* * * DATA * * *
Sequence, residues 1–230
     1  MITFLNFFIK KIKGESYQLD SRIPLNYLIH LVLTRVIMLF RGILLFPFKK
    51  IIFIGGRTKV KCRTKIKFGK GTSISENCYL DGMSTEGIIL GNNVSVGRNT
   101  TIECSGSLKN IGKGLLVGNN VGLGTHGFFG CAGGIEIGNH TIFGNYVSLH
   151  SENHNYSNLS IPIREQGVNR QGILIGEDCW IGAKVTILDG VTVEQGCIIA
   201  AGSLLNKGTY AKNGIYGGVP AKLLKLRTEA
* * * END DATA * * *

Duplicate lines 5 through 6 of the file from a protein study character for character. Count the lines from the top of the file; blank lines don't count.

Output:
   151  SENHNYSNLS IPIREQGVNR QGILIGEDCW IGAKVTILDG VTVEQGCIIA
   201  AGSLLNKGTY AKNGIYGGVP AKLLKLRTEA